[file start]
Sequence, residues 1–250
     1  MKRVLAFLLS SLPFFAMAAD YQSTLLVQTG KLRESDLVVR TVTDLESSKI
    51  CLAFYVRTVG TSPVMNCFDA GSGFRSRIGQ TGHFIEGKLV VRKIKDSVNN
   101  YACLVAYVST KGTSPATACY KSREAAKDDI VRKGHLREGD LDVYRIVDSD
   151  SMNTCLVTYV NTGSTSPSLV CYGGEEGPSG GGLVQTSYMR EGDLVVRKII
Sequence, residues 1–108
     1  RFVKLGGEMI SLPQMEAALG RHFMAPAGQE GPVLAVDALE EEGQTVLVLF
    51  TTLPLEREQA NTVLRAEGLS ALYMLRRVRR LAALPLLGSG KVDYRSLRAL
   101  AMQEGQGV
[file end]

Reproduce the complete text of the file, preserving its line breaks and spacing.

Sequence, residues 1–250
     1  MKRVLAFLLS SLPFFAMAAD YQSTLLVQTG KLRESDLVVR TVTDLESSKI
    51  CLAFYVRTVG TSPVMNCFDA GSGFRSRIGQ TGHFIEGKLV VRKIKDSVNN
   101  YACLVAYVST KGTSPATACY KSREAAKDDI VRKGHLREGD LDVYRIVDSD
   151  SMNTCLVTYV NTGSTSPSLV CYGGEEGPSG GGLVQTSYMR EGDLVVRKII
Sequence, residues 1–108
     1  RFVKLGGEMI SLPQMEAALG RHFMAPAGQE GPVLAVDALE EEGQTVLVLF
    51  TTLPLEREQA NTVLRAEGLS ALYMLRRVRR LAALPLLGSG KVDYRSLRAL
   101  AMQEGQGV